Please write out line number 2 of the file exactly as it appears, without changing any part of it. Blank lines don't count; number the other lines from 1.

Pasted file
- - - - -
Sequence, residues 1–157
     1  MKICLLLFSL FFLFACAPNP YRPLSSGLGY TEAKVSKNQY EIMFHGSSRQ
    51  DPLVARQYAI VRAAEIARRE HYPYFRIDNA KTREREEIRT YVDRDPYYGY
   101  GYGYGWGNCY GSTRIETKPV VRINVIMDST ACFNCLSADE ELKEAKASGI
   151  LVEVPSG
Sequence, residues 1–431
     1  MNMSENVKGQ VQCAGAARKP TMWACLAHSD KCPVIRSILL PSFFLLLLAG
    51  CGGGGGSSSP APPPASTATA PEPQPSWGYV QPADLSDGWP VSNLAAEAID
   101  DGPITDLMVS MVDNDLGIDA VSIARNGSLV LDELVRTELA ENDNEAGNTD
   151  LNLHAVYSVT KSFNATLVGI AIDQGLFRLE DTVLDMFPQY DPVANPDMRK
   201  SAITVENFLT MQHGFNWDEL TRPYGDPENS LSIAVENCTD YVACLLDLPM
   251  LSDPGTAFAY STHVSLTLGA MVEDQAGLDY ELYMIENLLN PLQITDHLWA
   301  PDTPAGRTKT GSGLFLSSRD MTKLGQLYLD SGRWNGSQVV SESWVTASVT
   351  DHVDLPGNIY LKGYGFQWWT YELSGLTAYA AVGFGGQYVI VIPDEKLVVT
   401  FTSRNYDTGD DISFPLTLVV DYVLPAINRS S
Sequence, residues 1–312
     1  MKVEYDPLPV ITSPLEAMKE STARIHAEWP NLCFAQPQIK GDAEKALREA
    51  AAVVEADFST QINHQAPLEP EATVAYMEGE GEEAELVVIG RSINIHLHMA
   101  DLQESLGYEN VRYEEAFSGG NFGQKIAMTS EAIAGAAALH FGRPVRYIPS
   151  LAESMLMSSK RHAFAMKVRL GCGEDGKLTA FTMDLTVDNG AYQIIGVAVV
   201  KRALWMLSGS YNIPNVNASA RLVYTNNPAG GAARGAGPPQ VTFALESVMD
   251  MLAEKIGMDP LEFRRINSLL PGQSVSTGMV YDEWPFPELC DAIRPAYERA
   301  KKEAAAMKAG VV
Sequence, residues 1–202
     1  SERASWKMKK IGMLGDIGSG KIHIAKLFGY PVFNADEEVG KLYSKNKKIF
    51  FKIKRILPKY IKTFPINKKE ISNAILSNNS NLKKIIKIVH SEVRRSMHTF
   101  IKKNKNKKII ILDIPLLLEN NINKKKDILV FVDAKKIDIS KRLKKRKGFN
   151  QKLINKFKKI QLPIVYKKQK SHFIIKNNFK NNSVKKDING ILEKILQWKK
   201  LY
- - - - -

     1  MKICLLLFSL FFLFACAPNP YRPLSSGLGY TEAKVSKNQY EIMFHGSSRQ